A Behind-the-Scenes Tour of Grauman’s Chinese Theatre

A behind-the-scenes visit to Grauman’s Chinese Theatre (known as TCL Chinese Theatre since 2013) is a not-to-miss opportunity. These tours are sponsored by the Los Angeles Historic Theatre Foundation (LAHTF) and give access to aspects of the theatre not seen by the everyday visitor.

“Movie palace” is an accurate term for a building like this. The theater underwent a major renovation in 2001. Six additional theaters were added, and the main theater returned to its former glory. Today it is a first-run movie theater just waiting for the next elegant premiere or waiting to showcase the next summer blockbuster movie to its capacity audience of 1600 people.

Chinese Theatre Built in 1927

The theatre was first built in 1927 and while developers put up a good deal of the money those who fronted for the investment were showman Sid Grauman who partnered with Mary Pickford, Douglas Fairbanks, and the head of United Artists, Joseph Schenck. (Schenck and his brother were immigrants who began their businesses by building the Palisades Amusement Park above the Hudson River in New York. Joseph then moved West to go into the theatre business.)

The Chinese Theatre is famous for its courtyard featuring footprints-of-the-famous in cement. This tradition began on opening day with Pickford and Fairbanks sinking their hands and feet into cement; they were joined by Norma Talmadge, a popular silent screen star and wife of Joseph Schenck. 

Movie Palaces Built with Back-Up Plan




Theatre owners built these movie palaces with a back-up plan, our tour guide pointed out. During the 1920s, they feared that silent films might be a passing fancy, and so they built the theatres with various entertainments (beyond the films).  A huge organ was important for entertainment before the film, but the organist was also expected to provide live accompaniment as the silent film went along.  Sometimes an orchestral score was written to accompany the film. In that case, as many as one hundred musicians could sit in the orchestra pit.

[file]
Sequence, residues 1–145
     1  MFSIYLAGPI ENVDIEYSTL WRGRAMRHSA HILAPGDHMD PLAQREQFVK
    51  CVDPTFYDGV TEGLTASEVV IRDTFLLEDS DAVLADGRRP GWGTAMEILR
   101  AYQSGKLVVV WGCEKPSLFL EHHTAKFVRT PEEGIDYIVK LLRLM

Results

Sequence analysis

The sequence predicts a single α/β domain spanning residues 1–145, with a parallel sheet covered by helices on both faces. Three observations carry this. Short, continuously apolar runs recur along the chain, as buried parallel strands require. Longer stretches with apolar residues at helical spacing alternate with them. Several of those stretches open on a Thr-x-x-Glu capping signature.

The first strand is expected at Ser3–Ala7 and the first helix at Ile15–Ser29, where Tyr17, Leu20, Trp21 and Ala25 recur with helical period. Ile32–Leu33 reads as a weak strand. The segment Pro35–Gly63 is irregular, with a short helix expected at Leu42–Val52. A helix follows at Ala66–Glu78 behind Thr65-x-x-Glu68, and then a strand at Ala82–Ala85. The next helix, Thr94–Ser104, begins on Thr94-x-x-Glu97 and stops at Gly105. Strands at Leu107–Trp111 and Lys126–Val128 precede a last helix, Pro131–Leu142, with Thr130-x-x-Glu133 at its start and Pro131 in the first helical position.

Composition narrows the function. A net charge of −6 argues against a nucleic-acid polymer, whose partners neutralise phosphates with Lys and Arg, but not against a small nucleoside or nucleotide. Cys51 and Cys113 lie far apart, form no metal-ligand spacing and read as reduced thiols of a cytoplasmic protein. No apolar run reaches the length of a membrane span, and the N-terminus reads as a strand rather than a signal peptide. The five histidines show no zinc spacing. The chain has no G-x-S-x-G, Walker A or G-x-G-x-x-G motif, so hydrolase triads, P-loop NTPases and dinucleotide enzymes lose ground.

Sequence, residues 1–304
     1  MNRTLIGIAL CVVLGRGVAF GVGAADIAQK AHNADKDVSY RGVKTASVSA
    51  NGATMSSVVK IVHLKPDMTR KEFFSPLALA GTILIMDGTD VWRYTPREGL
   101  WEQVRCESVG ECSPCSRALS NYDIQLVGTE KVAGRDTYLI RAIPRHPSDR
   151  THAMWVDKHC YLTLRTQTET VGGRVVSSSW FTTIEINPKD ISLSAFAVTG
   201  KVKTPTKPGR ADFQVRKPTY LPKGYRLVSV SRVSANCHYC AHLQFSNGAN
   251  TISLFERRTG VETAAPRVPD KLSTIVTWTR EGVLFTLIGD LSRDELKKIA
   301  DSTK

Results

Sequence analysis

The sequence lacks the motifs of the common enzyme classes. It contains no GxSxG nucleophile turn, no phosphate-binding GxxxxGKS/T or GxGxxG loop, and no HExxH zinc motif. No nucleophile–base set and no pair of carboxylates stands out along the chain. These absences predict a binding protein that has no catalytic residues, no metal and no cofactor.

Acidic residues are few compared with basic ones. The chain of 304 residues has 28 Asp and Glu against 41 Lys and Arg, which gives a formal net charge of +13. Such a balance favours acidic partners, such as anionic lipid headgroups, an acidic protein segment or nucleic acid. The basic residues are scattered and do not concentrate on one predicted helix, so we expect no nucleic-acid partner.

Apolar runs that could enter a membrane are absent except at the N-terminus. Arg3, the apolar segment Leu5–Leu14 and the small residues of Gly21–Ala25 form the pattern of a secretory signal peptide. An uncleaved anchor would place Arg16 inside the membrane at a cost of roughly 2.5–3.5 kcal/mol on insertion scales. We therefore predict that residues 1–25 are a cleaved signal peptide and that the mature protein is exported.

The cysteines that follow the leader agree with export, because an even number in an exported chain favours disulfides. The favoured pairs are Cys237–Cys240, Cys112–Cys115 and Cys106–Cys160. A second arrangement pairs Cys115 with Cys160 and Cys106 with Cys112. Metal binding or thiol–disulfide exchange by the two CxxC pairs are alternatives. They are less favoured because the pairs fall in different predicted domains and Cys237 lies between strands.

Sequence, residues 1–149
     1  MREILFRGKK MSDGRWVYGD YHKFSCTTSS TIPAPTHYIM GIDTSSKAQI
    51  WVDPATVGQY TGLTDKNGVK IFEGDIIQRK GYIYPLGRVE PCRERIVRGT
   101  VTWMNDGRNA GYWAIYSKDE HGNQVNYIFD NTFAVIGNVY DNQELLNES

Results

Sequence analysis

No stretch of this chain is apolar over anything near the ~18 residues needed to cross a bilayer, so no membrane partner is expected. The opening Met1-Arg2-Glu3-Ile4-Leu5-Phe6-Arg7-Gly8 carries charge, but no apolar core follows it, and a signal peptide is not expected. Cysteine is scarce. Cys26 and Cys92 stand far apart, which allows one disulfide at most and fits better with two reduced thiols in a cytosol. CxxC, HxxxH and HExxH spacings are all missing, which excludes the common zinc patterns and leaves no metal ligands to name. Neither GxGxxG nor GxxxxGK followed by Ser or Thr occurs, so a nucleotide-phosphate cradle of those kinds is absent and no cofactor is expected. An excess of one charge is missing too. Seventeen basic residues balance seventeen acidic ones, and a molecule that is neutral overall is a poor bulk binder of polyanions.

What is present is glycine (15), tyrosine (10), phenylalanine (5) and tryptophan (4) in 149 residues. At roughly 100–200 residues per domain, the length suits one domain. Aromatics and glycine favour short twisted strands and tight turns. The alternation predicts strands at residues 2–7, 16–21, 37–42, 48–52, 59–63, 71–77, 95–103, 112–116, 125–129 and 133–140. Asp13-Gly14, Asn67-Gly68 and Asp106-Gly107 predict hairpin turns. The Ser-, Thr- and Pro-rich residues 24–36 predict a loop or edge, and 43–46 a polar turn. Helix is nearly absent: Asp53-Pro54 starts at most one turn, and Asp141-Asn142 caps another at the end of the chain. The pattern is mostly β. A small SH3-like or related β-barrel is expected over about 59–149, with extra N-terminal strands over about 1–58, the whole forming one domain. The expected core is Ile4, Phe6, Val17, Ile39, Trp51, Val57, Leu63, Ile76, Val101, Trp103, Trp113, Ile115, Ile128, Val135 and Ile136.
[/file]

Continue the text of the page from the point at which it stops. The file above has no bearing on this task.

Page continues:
They also built stages with plenty of wing space, a green room, and dressing rooms for the stars. If films ever fell out of favor, the palaces could be used for live theater.


Chinese Theatre Offered Many Options

The entertainments at these theatres were planned to fill an entire evening. Though there were usually matinee showings, the 8 p.m. show was a full extravaganza.

People dressed for the occasion. Some of the theatres had art galleries, and most had small rooms for soloists or string quartets to perform until the show began. If a couple brought their children, they could be dropped off in the children’s room where nannies would keep track of them for the evening.

Grauman Introduces the Premiere

The movie premiere was first introduced by Sid Grauman in 1922, at the Egyptian Theater, another one of his venues. That first premiere was for Douglas Fairbanks in Robin Hood.

Photo of early premiere

Films were shorter at that time, so Grauman developed the concept of the Prologue—an extravagant stage show that was a warm-up act for the film.

In 1927, the opening of the Chinese Theatre was the premiere of Cecil B. DeMille’s King of Kings. The only problem was that Grauman’s prologue dominate the evening. The prologue, “Glories of the Scriptures,” featured 100 performers accompanied by an orchestra of 65.

The reel for King of Kings finally began at 11:15 p.m. DeMille was not happy. His film ran a full 155-minutes so he knew the late start would hurt audience reaction.

According to our guide, DeMille never again premiered a film at the Chinese.
Last summer I wrote a little more about the movie palaces and the amenities offered at these theatres. To read more about these showplaces click here.

Joseph Schenck and his brother Nicholas began business with the Palisades Amusement Park; J


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